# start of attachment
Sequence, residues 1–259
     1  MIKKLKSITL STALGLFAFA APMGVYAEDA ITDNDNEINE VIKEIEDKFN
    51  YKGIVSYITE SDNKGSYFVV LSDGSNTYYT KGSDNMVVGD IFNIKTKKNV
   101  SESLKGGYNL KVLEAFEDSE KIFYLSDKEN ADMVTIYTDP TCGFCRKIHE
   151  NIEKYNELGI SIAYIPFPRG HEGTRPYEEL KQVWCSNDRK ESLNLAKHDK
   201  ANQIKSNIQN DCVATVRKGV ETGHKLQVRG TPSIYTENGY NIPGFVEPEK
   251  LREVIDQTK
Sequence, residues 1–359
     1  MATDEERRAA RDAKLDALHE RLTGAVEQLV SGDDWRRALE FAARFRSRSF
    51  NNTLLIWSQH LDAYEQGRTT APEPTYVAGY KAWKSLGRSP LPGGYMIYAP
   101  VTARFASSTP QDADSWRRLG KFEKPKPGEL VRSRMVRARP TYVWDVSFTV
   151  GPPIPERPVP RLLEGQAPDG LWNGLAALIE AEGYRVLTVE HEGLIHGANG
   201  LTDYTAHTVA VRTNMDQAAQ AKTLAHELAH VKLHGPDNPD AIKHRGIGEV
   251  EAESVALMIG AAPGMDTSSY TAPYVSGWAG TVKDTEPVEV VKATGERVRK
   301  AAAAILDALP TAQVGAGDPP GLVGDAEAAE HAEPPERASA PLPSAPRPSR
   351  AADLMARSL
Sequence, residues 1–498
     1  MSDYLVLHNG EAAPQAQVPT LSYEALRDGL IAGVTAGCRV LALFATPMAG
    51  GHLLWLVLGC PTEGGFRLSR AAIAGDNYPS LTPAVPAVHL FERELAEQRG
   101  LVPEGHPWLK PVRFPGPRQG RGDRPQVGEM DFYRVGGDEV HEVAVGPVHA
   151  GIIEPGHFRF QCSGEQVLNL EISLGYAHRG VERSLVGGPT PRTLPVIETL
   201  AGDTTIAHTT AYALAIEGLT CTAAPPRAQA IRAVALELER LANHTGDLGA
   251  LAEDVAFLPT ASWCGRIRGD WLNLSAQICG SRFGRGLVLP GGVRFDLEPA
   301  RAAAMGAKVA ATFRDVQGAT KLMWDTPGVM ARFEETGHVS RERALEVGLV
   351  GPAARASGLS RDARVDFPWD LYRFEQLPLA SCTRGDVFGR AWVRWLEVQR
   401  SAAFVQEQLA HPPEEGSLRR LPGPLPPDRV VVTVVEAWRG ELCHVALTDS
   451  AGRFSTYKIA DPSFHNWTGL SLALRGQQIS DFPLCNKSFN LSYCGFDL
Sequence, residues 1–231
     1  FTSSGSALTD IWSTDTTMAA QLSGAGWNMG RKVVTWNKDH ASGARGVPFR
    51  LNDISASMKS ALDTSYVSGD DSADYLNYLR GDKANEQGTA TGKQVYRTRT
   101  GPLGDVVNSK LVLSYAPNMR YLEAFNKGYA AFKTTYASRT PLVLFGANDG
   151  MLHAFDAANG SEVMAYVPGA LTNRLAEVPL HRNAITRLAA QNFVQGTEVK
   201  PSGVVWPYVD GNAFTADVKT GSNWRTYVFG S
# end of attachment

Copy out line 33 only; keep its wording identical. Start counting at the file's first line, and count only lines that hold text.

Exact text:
   201  PSGVVWPYVD GNAFTADVKT GSNWRTYVFG S